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Considering the Distribution system of most FGRV builders (none), no one can make a living selling them, even in California. New Bigfoot apparently is attempting to have a few dealers on the west coast, but that doesn't seem to be meeting with much success.
The above comment is basing on ????

Escape is a FGRV builder on the West Coast and their production schedule is sold out for more than a year. They did for a short time sell through a dealer but went to direct sales a years again and appear to be making a good living at it.

Bigfoot is the other FGRV builder on the West Coast and they have used RV dealers both in Canada and the US for many, many years - both under old and the new management.

Bigfoot was the only FGRV builder at a recent RV show I attended and they did not appear to be short on interested parties. Bigfoot's are not known as an economical trailer & while at the show I asked how they were doing these days and it was mentioned that sales/orders for them going into the US had picked up once again due as the poor state of the Canadian dollar. The lower valued Canadian dollar has helped make them attractive in the US market once again - which was not the case in recent years while the Canadian dollar was on par or higher value than the US dollar.

The lower Canadian dollar value of the past 6/10 months is also one of the big reason's Escapes are flying off the shelves as fast as they can make them as well.
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Old 10-05-2015, 03:39 PM   #15
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Carol, I think you missed the context of Bob's statement. He was referring to the fact that retail salespeople can't make a living selling molded fiberglass trailers. Because there aren't any (other than the sales staff at the manufacturer). And I'm pretty sure he meant that as a good thing.
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Old 10-05-2015, 03:49 PM   #16
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Carol, I think you missed the context of Bob's statement. He was referring to the fact that salespeople can't make a living selling molded fiberglass trailers. Because there aren't any (other than the sales staff at the manufacturer). And I believe he meant that as a good thing.
Thanks Jon, I did understand the comment re sales staff not making a real good living at selling trailers but not sure I took his whole comments out of contest as he made the comments in regards to Bigfoots "that doesn't seem to be meeting with much success." which is why I question him on it as to what he based that comment on. They have always sold through a large network of dealers. Then again maybe I did!
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Old 10-05-2015, 04:05 PM   #17
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I understood that part to reflect the fact that Bigfoot only has a small handful of dealers in the US, and there hasn't been much growth in recent years. Glad to hear that may be changing.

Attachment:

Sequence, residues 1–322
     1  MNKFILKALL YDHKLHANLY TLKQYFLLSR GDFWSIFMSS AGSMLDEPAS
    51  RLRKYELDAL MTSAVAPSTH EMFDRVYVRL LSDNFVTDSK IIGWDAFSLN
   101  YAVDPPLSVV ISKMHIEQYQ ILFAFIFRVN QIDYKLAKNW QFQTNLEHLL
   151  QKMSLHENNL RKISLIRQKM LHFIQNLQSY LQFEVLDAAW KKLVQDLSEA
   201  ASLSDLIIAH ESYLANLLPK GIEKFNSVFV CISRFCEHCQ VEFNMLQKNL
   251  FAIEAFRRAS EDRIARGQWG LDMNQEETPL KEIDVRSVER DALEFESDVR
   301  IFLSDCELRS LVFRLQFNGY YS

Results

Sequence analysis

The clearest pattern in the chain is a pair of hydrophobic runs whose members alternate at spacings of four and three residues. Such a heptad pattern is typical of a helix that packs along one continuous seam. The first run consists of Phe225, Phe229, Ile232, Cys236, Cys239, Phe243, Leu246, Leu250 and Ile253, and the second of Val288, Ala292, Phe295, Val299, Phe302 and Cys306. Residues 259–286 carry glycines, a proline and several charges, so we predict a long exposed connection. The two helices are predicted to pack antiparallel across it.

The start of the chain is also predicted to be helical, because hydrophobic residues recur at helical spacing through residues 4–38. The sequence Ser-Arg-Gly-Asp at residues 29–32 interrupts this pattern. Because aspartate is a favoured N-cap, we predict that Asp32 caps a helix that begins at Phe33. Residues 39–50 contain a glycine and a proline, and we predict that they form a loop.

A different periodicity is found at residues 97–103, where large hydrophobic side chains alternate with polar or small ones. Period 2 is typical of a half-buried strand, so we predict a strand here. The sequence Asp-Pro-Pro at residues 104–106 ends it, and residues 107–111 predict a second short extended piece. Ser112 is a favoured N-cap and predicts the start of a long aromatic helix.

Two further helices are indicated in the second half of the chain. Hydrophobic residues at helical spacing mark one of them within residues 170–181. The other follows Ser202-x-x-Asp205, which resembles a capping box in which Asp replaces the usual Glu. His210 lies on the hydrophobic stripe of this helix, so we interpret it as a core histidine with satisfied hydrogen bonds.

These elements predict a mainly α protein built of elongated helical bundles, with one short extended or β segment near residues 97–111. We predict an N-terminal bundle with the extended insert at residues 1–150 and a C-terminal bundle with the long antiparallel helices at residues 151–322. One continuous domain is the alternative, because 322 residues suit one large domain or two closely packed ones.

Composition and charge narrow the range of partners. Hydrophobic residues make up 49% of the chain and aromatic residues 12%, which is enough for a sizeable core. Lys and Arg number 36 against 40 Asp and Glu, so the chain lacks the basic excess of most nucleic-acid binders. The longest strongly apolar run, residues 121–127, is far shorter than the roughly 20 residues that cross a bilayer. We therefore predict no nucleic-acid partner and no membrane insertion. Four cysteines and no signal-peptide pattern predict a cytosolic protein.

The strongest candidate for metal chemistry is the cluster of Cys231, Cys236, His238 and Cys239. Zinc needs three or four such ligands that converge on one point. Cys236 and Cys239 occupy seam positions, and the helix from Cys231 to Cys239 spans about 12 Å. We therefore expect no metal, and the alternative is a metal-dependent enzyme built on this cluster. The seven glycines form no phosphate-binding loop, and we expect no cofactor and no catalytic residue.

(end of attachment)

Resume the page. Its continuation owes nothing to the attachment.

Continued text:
In any case, if I wanted to make a living selling molded fiberglass trailers (one of the few products I think I could embrace selling), my job prospects are pretty limited.
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Old 10-05-2015, 04:29 PM   #18
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I think I was misunderstood.


I was suggesting that RV Dealerships Sales peeps could not make a living selling FGRV's because they would be substantially overpriced in the RV marketplace and would offer little incentive for sales. In the United States, the dealer profit margins needed would made them horrendously expensive, with an MSRP at least 50% more than most current factory prices to cover shipping, inventory costs, warranty costs, and profits.


And BigFoot has just 1 dealer in the entire state of California, and only 8 in the entire country. As of today they collectively have an on-line advertised inventory of 5 slide-in campers and 4 trailers in the entire country and the dealer in Boise, ID seems to have as much inventory as all other dealers combined.


BigFoot calls then Factory Outlets, not dealerships, and most advertise that they sell with an 8-12 week lead time, so they don't have up front investment with inventory, and they can work on a commission per sale. But most RV buyers want immediate gratification when they commit to that kind of expense, not 8-12 weeks delivery promises. One dealer seems to be using Canadian prices and is using the current currency exchange difference as a bargaining tool.


And it's not just cost, the L.A. Airstream dealer advertised that they have more than 100 units on the lot, and a much smaller Airstream dealer in Corona, CA, about 45 miles from LA, has at least 15 the lot. "See it today, buy it today and take it home tomorrow" is the sales model that sells, delivery in 2-3 months doesn't.


The owner of my local RV dealership, with three locations, about 100 employees, and several hundred RV's on his lots, would love to sell FGRV's, but there just isn't the profit margins necessary to stay in business selling FGRV's, as compared to sticky's. And minimal profit margins vs the existing sticky sales model, are why I made the comment that dealers can't make a living selling them.